TDA's Spread Hacker. Useful?

    I am wondering if anyone ever used or still uses the spread hacker in Thinkorswim. When they say this particular vertical spread or calendar has 70% chance of winning for example, how accurate is that and can I trust it?
  4. Hello. I have a few questions/comments about backtesting in TOS. 1. If you select that you entered a trade in TOS using the thinkback tool, is the price you enter supposed to be based on the opening price for legs in the options spread for that day? 2. When you close the trade does thinkback assume you are getting the mid of closing price for the legs in the options spread that date? 3. Is it the closing price for the underlying that day? I always assumed it was based on closing prices, but I just wanted to check. Also, I see this as a major issue with backtesting in TOS, you can only base it on whatever open/close condition it uses. Thank you! Richard
  5. Options Trading is a business. As in any business, there are costs. One of the major costs is commissions that we pay to our broker (other costs are slippage, market data etc.) While commissions is a cost of doing business, we have to do everything we can to minimize that cost. This is especially true if you are an active trader. The impact of commissions on your results can be astonishing. This excellent article by Business Insider is asking the right questions (and also answering some of them): Click here to view the article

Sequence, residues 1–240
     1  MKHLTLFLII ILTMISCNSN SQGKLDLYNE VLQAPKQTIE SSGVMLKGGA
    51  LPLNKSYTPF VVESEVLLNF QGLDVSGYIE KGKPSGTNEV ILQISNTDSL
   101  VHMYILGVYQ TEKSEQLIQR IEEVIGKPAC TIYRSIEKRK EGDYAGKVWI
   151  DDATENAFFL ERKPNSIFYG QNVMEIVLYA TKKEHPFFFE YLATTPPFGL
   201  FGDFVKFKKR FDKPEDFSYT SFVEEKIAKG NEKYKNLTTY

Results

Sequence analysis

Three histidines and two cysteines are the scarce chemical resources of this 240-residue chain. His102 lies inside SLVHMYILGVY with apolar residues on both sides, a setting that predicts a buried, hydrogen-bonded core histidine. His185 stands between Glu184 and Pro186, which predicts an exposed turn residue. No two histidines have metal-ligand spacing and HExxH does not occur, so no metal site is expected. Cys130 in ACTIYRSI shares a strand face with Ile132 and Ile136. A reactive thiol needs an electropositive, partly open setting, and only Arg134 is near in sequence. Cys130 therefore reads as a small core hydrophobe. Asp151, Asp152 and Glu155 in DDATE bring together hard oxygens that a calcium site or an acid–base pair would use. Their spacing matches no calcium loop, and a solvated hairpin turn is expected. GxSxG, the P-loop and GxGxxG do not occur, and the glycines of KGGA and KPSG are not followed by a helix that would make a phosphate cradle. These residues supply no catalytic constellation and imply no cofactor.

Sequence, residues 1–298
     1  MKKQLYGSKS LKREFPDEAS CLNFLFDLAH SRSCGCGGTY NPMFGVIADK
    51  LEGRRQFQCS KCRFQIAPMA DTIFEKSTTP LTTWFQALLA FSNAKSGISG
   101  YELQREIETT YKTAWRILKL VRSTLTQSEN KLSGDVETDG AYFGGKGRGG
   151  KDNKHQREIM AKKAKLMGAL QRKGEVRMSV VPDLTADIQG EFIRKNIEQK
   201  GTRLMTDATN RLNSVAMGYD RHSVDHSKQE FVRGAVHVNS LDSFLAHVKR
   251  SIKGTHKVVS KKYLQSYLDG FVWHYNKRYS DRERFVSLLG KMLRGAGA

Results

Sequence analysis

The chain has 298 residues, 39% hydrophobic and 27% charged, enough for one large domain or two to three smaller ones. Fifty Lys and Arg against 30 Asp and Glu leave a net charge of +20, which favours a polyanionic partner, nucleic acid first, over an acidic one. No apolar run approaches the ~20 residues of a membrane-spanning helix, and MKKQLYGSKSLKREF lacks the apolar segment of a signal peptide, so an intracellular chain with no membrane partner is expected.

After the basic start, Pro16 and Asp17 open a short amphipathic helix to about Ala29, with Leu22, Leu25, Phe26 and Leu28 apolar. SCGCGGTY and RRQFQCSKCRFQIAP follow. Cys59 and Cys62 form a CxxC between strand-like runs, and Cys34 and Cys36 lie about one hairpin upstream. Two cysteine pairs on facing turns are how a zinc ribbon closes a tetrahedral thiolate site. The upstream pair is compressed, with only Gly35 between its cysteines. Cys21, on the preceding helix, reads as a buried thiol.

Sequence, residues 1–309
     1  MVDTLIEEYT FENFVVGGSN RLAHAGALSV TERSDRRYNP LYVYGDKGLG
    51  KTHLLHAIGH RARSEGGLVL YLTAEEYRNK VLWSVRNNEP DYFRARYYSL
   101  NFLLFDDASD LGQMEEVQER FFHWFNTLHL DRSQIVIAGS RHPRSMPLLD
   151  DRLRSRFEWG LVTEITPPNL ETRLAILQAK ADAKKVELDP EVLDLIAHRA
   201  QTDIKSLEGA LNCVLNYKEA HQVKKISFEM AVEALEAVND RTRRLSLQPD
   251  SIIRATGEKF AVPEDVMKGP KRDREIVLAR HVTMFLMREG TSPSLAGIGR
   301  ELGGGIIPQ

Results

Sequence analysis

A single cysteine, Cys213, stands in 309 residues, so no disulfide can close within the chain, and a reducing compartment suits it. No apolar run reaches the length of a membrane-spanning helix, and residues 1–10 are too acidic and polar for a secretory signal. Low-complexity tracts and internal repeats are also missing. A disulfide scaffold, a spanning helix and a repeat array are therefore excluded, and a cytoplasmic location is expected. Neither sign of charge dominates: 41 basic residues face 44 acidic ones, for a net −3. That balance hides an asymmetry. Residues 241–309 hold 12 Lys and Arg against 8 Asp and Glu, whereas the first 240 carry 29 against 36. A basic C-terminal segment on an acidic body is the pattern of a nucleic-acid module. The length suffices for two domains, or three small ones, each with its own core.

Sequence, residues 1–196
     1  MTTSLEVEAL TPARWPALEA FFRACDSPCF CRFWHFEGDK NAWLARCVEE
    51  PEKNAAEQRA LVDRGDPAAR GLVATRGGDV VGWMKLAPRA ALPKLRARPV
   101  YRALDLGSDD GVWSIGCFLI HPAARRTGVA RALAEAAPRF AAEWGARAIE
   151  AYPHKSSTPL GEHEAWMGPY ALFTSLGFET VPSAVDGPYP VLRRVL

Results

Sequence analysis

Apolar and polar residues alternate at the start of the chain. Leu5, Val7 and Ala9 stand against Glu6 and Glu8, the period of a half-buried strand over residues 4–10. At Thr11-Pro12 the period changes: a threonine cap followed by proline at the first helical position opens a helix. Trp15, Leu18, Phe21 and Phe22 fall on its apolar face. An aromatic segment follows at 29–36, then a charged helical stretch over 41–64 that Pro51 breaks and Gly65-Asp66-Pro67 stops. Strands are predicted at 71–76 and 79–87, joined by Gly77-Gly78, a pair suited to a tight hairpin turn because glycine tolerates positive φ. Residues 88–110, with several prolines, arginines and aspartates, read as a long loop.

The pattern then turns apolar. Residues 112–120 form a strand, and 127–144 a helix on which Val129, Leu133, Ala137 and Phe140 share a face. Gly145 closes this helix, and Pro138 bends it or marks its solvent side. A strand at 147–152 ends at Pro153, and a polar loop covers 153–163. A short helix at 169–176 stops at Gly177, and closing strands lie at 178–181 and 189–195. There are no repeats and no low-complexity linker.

6. Background In Jeff Augen's Volatility edge, he often used a standard deviation plot to look for spikes. He also discussed it in managing basic option positions and using price spikes as triggers to enter. (it starts on page 113 of the actual book if you are interested in reading it). I post a brief synopsis below (straight from his book, because i have the eBook version). The Mechanics of the Std Dev Study The following is directly from the book, to give a better idea on how he came up with the idea of this study. The ToS Script To turn on this study you have to go to ToS program > Charts > Studies > Edit Studies > New > thinkscript editor and paste the following code in. Then just save it as whatever you want to call it and add it to studies on lower subgraph. Credit to this guy who wrote the script: http://www.thinkscripter.com/indicator/standard-deviation-price-change # Tom Utley 3-17-2009 # Thanks to Jeff Augen # Price Spikes in Standard Deviations declare lower; input length = 20; def closeLog = Log(close[1] / close[2]); def SDev = stdev(closeLog, length)* Sqrt(length / (length – 1)); def m= SDev * close[1]; plot spike = (close[0] – close[1]) / m; spike.setPaintingStrategy(PaintingStrategy.HISTOGRAM); spike.AssignValueColor(if close > close[1] then Color.UPTICK else if close < close[1] then Color.DOWNTICK else GetColor(1)); This is how it looks like in ToS live Example with AAPL Aug monthly 470 Call Possible Entry on greater than 2 STD downspike Possible Exit on spike 25 minutes later (or set your own p/l% with a limit order)